Just over a year after a judge ruled that Orange County supervisors illegally imposed changes to the labor terms of county attorneys, supervisors this week approved a settlement to end litigation by the attorneys’ union.
The more than $10 million, taxpayer-funded settlement applies to the roughly 500 members of the Orange County Attorneys’ Association, who work in the district attorney, public defender, county counsel and child support offices.
The deal calls for a single $10.1 million payment to the attorneys, plus $200,000 for every pay period in which implementation is delayed beyond April 2. That would put the cost at at least $10.5 million.
About $5.1 million of the lump-sum payment costs are expected to come from the county general fund, with the rest being absorbed by departments’ existing budgets.
The legal dispute has its origins in supervisors’ May 2013 imposition of labor changes on the attorneys, including changes to pension contributions, premium pay, cost of living adjustments and health contributions.
In reaction, the union filed two complaints with the state’s Public Employee Relations Board, as well as a lawsuit.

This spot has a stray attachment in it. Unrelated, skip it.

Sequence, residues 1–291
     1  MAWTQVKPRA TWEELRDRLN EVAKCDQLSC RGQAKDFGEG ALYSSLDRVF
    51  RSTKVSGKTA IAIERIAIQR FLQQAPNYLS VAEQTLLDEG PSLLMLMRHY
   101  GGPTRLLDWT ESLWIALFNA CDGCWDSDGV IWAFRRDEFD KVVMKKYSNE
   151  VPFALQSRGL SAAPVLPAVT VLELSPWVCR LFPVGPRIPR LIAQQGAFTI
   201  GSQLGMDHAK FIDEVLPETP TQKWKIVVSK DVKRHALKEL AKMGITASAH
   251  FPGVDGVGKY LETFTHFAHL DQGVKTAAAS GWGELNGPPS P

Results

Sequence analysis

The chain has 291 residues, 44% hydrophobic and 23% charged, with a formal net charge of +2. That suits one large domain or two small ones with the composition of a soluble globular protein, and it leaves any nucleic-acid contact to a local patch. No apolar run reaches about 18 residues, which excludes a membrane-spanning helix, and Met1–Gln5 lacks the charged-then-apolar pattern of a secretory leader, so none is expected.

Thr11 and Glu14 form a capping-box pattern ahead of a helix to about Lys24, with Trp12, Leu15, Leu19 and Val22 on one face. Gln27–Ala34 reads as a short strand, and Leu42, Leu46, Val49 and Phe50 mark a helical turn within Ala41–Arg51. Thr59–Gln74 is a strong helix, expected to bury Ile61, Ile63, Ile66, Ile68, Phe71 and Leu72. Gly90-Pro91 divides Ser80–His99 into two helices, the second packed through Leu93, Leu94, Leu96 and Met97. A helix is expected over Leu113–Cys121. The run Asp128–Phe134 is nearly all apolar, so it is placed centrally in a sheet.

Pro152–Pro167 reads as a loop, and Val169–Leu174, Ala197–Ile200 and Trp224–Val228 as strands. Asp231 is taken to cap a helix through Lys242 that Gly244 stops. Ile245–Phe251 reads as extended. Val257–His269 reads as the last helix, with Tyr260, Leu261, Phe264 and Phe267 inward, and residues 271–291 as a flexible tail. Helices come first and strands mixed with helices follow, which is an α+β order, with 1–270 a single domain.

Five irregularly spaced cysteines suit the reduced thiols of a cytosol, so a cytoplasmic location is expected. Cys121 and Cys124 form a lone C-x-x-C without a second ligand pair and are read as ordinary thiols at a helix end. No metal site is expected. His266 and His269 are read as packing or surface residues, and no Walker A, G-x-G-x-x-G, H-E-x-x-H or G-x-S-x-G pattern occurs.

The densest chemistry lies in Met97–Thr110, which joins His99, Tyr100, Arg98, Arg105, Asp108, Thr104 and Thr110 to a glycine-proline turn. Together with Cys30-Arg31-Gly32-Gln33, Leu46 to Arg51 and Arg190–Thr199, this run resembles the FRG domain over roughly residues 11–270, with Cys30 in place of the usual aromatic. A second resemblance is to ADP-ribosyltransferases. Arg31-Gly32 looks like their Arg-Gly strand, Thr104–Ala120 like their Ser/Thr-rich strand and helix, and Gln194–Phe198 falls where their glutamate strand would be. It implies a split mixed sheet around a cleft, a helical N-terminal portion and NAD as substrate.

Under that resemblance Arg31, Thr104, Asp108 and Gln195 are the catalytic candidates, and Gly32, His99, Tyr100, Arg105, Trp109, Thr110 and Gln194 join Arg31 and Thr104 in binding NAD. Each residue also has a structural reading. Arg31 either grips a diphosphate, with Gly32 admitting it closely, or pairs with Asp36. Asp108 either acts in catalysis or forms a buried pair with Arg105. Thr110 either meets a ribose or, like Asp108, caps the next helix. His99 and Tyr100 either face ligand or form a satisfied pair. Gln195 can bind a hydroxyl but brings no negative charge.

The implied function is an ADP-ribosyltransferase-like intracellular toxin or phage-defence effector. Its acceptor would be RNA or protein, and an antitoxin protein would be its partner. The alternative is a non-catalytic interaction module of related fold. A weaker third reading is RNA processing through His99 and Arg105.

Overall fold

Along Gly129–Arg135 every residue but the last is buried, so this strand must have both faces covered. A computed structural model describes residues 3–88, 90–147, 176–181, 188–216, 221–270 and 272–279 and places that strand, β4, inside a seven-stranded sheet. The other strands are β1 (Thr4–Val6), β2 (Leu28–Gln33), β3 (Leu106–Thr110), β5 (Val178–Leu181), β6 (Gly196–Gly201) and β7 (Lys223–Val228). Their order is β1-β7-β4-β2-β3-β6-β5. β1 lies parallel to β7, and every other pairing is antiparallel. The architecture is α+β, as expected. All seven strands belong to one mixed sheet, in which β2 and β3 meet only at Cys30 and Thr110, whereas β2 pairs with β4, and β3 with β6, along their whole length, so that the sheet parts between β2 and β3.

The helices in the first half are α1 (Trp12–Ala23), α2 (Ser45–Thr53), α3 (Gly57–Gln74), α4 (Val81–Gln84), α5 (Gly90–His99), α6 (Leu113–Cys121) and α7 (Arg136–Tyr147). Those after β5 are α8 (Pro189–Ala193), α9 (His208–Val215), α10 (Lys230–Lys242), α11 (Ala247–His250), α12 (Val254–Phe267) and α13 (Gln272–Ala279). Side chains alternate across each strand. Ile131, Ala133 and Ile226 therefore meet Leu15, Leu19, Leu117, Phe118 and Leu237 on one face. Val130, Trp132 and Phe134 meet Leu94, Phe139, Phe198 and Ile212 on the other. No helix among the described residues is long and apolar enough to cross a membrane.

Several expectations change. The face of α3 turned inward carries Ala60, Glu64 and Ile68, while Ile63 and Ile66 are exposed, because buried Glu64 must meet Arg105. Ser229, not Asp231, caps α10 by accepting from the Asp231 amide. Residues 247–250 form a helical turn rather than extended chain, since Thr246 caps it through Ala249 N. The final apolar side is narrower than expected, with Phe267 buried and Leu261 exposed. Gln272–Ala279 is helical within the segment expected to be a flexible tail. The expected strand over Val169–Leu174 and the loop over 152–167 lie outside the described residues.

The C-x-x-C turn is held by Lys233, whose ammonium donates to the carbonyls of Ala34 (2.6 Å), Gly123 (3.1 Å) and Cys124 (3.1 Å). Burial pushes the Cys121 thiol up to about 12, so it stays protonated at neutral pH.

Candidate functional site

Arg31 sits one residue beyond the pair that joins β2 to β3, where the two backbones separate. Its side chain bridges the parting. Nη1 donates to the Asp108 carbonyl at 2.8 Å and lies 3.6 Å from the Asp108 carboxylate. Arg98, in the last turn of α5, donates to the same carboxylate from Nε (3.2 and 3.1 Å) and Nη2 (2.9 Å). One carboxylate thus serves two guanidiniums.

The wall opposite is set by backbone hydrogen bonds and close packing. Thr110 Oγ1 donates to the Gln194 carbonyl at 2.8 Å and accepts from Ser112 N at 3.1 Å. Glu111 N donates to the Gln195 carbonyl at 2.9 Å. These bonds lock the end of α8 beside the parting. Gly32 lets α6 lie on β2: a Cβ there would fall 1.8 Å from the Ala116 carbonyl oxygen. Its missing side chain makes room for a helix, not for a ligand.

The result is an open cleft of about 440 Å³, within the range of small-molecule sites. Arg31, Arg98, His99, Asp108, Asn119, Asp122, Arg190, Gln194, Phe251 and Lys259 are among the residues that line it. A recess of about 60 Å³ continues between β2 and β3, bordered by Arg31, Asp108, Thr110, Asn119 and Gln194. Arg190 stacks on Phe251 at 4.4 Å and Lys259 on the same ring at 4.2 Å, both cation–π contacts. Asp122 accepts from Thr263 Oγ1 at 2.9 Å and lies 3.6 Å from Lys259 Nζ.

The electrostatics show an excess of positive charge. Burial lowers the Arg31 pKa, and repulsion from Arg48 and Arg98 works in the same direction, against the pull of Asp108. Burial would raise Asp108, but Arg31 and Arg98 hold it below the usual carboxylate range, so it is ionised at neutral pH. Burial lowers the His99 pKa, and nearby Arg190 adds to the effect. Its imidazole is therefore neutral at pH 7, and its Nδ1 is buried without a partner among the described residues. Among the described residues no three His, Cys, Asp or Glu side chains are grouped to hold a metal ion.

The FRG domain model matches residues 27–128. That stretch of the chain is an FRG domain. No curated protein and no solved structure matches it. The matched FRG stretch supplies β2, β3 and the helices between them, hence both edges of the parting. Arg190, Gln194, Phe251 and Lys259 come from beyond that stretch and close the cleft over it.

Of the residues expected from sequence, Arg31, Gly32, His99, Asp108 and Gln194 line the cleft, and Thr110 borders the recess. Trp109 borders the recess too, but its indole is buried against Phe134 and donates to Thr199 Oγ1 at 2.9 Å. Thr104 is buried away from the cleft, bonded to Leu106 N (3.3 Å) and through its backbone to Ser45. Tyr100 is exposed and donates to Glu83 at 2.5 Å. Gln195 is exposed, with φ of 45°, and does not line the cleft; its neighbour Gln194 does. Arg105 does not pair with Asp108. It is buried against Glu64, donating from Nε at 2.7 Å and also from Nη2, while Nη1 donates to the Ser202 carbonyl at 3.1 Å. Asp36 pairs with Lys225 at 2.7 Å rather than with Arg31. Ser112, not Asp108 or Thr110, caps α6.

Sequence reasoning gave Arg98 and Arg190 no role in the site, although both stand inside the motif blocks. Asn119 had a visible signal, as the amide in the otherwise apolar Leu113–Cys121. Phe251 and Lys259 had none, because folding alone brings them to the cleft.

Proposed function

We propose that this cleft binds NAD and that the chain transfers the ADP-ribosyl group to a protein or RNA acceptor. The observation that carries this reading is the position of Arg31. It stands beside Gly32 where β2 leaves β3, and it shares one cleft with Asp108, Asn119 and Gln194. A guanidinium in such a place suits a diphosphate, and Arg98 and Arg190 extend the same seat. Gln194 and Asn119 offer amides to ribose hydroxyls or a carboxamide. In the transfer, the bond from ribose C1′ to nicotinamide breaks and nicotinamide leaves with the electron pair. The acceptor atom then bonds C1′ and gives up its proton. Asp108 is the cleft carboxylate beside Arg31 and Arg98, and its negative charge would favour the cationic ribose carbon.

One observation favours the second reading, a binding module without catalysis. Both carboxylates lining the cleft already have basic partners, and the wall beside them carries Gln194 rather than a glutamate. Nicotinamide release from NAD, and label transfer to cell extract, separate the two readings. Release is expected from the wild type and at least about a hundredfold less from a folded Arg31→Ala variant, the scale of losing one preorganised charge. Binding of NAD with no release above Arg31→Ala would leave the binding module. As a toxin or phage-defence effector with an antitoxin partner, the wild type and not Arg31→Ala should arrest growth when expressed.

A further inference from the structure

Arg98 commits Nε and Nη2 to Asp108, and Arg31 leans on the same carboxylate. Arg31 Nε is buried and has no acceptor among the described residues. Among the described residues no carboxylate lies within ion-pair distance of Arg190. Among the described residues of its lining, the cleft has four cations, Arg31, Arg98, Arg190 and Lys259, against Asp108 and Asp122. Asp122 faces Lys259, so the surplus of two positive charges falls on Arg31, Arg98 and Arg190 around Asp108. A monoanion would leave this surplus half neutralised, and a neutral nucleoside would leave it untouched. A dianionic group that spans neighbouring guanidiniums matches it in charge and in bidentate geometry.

A PERB judge ended up siding largely with the union, ruling that supervisors acted in “bad faith” when they unilaterally imposed wage and benefit concessions in 2013.
The ruling, which was appealed by the county, also required the county to return wage and benefit concessions made to the union, plus 7 percent interest, and also compensate union members “for any financial losses” from the May 2013 imposition.
The recent settlement, which resolved all of the litigation, was approved by a majority of union members, as well as a unanimously vote Tuesday by county supervisors.
It includes new labor deal calling for annual base salary increases of 1 percent this year and next, and 2 percent each year for the following three years. The deal is scheduled to last until June 2019.
It passed with only a brief comment from one supervisor, Chairman Todd Spitzer, who thanked the union for working with supervisors.
“Obviously we had a difference of opinion,” Spitzer said, adding that the union came to Supervisor Shawn Nelson and himself and they were able to work out an “amicable” solution.
The attorneys’ union didn’t speak at Tuesday’s meeting, though its board said it was pleased with the settlement in a message to members.
In the past, Nelson has publicly defended the supervisors’ position, saying they “had no choice” but to impose terms due to the April 2013 loss of $73 million per year in county revenue to the state.